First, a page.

And I do mean experts. When I'd gone into their classroom earlier, I'd seen that the walls were covered with information about the Anglo-Saxons and the Vikings. There were maps, there were pictures of warriors, there was information about what they wore, and there were stories. On the whiteboard was an Anglo-Saxon riddle which the children were trying to solve, and at the back of the room was a welcoming sign saying Waes hael, Sue Purkiss! When the teacher, Simon Day, took the register, he said 'Gode morgen, Jess/Josh/whatever' - and the children answered 'Gode Morgen' right back, without batting an eyelid. They were all thoroughly engaged - immersed even - in the period.
They had been reading Warrior King together, and when they'd realised that I lived quite close, they'd got in touch and asked if I would like to come and talk to them about writing the book, and then go with them to Athelney.
Athelney was where the book began. It's a magical landscape, where history touched by myth is almost palpable, and it was such a pleasure to share it with the Badgers, their teacher Simon, and their two teaching assistants, Vicky and Claire. They were all so enthusiastic; there wasn't a great deal I could tell them, because they already knew so much.
Here are the Badgers climbing up towards Alfred's monument, which was erected in Victorian times. The farmer had kindly cleaned the inscription, and moved the cows which would usually have been in possession. In Alfred's time the long green mound would have been higher: the land has settled, partly because of the weight of the monastery which the king caused to be built in celebration of his victory over Guthrum. (If he'd lost, would we all be speaking Danish now? Certainly the course of history would have been different. All the other English kingdoms had been overrun: Alfred was the last man - just about - standing.)
We looked out towards nearby Burrow Mump, one of the conical hills which rear up above the levels: another is Glastonbury Tor, visible in the distance. Simon told the children to write notes about what they were seeing, hearing, smelling; they discussed whether there was anything that would touch them, or that they could taste, and they agreed that they could feel the touch of a cool soft wind, and wondered whether the Mump would have been used as a lookout post; they decided it almost certainly would have been.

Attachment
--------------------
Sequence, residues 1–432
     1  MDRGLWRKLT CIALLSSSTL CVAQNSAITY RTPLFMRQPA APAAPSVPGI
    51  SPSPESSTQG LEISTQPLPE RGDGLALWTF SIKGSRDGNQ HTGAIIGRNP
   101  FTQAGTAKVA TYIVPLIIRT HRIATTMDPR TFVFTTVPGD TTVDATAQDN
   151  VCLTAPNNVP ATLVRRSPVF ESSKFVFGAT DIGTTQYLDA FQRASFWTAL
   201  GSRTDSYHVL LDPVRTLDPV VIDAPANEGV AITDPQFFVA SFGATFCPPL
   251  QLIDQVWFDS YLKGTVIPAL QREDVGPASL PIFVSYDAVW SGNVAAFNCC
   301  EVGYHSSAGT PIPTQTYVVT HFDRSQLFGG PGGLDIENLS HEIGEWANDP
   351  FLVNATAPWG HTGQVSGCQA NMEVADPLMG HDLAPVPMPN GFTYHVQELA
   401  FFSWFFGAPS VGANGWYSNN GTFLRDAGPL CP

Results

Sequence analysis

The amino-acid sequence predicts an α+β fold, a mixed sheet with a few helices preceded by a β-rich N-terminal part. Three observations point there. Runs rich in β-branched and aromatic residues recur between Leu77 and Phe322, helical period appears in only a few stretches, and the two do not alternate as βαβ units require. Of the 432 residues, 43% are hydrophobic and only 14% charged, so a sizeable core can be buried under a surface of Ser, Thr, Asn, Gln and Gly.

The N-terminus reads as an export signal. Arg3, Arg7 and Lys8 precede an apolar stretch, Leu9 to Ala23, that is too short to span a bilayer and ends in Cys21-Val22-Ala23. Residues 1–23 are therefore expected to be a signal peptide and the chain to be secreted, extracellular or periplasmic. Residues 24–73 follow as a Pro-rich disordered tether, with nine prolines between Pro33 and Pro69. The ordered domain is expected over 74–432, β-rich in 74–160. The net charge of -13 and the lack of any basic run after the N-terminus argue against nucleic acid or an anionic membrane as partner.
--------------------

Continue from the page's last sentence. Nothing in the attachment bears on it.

Then we moved across to the other end of the mound, where, some years before, the Time Team had uncovered stones which had been burnt at temperatures which would only have been reached in the heat of a blacksmith's forge; this must have been where weapons were forged for the decisive Battle of Edington. They also found a knife there - the Badgers reminded me it was properly called a seax - made of steel, which was an expensive, high status metal made only for extremely high-ranking leaders.
So this was where Alfred's camp had been: and this was where I read from Warrior King. Marvellous!
After this, we went on to climb Burrow Mump (small but quite steep), and had lunch beside the ruined church which was given to the National Trust by the landowner after the Second World War, to serve as a memorial to local people who had been killed.
Then Simon got the children to look round at the countryside spread out for miles below us: vivid green fields intersected by willow-edged rhynes (ditches), leading to low hills on the horizon. He pushed them to describe exactly what they were seeing, and to use alliteration and kennings (descriptive phrases such as peace-giver, for a king, or death-singer, for a sword), just as the Saxons would have done.
Here are Simon, Vicky and Claire - inspirational teachers and teaching assistants. It was a privilege to see them at work; it was education as it should be: vibrant, creative, magical.
Thanks to them for inviting me - and to the Badgers, Waes hael!
And just as a postscript - here's a picture taken not far from Burrow Mump during the floods almost three years ago. Perhaps this was more how it looked in Alfred's time: mysterious, haunting - and very, very wet.